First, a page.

California's pioneering paid family leave program has largely failed to reach one of its major target groups, according to a new study by RAND Corporation researchers.
Few parents of children with serious chronic illnesses have used the program, despite having paid into the program through payroll withholdings, and the vast majority of these parents aren't even aware that the program exists, according to researchers.
Studying parents of chronically ill children, researchers found that just 18 percent of those surveyed were aware of the program and only 5 percent had used the benefits, according to the RAND Health study published in the Sept. 3 edition of the Journal of the American Medical Association.
Most parents who took enough leave to qualify for payment through the program simply didn't know about it. Perhaps more disturbingly, most parents who did not take leave even when they felt their child's illness required it didn't know about the program, according to researchers.
"We focused on parents with chronically ill children because they were a major target of the California legislation," said Dr. Mark Schuster, a RAND researcher and chief of general pediatrics at Children's Hospital Boston. "These children spend a lot of time in the hospital or stay home from school because of illness. Parents often face a tough decision between going to work and taking care of their ill child."
Adopted in 2004, the California program is the nation's first paid family leave law. It is funded by employees through an automatic payroll deduction (averaging about $1 a week) that goes into a state insurance pool. After a one-week waiting period, the program annually provides most employees six weeks of non-job-protected paid leave (paying up to 55 percent of an individual's salary) to care for ill family members. Congress and many other states are considering proposals to create similar programs.
"We thought these parents would learn about the law and would use it to spend more time with their seriously ill children," said Schuster, also a professor of pediatrics at Harvard Medical School. But the law had virtually no impact.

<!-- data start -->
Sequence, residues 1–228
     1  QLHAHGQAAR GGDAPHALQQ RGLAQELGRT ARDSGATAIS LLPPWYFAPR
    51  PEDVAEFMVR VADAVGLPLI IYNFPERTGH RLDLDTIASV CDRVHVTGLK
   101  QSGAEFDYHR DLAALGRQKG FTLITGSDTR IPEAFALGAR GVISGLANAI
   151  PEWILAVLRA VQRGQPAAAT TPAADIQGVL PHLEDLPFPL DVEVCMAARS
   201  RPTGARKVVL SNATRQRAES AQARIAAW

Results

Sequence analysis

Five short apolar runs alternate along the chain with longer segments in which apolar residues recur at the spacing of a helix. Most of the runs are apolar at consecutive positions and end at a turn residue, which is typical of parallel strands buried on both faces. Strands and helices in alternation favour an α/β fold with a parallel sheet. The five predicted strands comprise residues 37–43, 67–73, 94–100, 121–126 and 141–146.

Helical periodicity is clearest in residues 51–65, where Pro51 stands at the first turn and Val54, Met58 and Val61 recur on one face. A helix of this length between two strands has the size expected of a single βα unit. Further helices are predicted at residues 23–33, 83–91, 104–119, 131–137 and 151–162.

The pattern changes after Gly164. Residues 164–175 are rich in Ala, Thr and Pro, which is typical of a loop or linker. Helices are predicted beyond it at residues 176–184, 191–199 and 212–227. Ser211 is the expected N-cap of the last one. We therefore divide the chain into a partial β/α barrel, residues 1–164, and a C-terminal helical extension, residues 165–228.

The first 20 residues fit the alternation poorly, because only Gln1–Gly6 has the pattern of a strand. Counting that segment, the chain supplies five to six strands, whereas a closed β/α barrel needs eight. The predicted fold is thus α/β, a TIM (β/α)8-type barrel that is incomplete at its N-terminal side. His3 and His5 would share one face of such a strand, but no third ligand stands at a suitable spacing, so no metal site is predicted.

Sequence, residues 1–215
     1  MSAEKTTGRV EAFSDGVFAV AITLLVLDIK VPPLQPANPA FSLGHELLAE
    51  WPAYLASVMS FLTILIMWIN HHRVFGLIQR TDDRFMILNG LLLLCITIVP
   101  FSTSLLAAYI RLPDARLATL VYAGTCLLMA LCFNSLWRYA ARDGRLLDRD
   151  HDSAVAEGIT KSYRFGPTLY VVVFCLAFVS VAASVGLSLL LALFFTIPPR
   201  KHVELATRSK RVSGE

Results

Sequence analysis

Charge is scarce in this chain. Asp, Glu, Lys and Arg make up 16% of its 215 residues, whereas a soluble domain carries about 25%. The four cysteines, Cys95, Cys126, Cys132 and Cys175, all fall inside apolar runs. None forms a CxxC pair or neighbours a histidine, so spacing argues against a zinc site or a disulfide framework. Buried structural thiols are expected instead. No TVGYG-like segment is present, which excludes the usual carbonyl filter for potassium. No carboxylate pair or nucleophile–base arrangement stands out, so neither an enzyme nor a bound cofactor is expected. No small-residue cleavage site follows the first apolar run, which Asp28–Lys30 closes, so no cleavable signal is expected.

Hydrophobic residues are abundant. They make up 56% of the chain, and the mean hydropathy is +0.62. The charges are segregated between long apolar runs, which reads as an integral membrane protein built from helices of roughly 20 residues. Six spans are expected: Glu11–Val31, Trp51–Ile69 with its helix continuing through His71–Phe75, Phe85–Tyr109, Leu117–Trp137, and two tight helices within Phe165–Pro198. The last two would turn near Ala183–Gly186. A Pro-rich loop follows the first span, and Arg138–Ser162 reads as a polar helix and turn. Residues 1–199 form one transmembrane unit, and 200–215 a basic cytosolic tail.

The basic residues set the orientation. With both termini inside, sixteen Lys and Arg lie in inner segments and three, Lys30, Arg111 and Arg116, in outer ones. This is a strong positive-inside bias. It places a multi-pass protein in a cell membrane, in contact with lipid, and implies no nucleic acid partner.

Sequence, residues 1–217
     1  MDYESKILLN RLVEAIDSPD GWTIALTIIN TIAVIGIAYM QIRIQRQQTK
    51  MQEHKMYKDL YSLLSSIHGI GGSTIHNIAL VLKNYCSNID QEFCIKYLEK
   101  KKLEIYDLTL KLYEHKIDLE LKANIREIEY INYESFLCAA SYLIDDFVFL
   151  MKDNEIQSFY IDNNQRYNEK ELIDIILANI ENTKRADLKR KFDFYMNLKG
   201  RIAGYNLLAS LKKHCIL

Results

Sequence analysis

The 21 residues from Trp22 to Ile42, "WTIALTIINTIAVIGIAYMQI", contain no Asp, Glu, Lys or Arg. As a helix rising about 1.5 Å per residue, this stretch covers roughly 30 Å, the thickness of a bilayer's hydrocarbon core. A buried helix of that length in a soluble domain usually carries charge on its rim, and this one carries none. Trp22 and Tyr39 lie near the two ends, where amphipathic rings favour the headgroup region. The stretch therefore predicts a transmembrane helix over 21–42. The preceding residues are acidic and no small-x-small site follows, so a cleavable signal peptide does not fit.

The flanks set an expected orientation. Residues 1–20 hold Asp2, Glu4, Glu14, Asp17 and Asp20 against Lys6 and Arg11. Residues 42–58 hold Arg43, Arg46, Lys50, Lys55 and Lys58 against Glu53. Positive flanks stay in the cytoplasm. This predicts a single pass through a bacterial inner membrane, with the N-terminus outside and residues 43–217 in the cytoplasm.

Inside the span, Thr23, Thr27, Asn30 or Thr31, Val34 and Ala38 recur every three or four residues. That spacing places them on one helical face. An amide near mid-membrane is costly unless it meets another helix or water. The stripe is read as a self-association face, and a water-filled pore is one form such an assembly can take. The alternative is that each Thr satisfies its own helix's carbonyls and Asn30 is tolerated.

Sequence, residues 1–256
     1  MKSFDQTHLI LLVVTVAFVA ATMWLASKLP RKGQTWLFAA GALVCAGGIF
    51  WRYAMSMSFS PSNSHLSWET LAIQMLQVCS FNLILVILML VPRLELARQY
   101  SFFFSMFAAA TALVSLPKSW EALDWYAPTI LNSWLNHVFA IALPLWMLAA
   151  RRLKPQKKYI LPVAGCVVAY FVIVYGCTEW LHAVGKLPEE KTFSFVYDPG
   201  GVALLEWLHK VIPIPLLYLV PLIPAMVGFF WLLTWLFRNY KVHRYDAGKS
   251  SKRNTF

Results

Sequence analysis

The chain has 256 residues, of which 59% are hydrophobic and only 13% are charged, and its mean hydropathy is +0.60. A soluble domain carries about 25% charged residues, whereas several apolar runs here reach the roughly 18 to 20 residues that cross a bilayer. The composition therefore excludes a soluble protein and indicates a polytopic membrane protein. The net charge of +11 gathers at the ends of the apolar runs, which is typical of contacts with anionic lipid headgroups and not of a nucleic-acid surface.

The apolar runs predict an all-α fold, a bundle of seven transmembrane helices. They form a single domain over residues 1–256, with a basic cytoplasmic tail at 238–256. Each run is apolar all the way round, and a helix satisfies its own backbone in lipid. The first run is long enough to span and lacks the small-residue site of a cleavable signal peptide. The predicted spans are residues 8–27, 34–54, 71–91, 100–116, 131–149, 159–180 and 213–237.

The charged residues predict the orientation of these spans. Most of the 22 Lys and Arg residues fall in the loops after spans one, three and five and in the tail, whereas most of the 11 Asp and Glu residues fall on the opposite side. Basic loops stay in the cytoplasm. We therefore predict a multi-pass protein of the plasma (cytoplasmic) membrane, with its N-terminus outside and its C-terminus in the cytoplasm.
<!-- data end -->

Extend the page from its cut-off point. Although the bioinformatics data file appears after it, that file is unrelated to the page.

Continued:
Parents of chronically ill children remained at work because they feared losing income, losing their jobs and damaging their careers.
Six months before the paid family leave program began, about 81 percent of the parents surveyed reported taking at least one day off in the proceeding year to care for their child and 21 percent of parents reported taking at least four weeks of leave. About 18 months after the program began, there was no significant change in these percentages, even when compared with similar groups of parents in Illinois, a state without paid family leave.
"We were surprised that the vast majority of these parents didn't even know about the program," Schuster said. "Parents seem to have no idea that they are paying for this benefit. They're leaving money on the table at a time when they could really use it to be with their sick kids."
The researchers said that the California law failed to require employers to notify all employees about paid family leave, and the state never adopted a comprehensive public education campaign about the program. The payroll deduction is not identified on the paycheck, but is rather added into the temporary disability insurance line, so employees are unlikely to realize that they are paying for state-mandated paid family leave insurance.
In contrast, the federal Family and Medical Leave Act, which since 1993 has provided 12 weeks of job-protected unpaid leave to most full-time employees in large companies, was supported by strong reporting requirements and a vigorous two-year public awareness campaign. After the public-awareness campaign ended, over half of employees knew about the law.
The researchers also noted that awareness may not be the only issue preventing use of paid leave.
"The lack of job protection could be raising legitimate fears among some employees that taking leave may cost them their jobs," said Dr. Paul Chung, a RAND researcher and assistant professor of pediatrics at the David Geffen School of Medicine at UCLA. "The fact that employees receive half their salary during leave might also be a disincentive to those who don't feel they can afford to lose any income."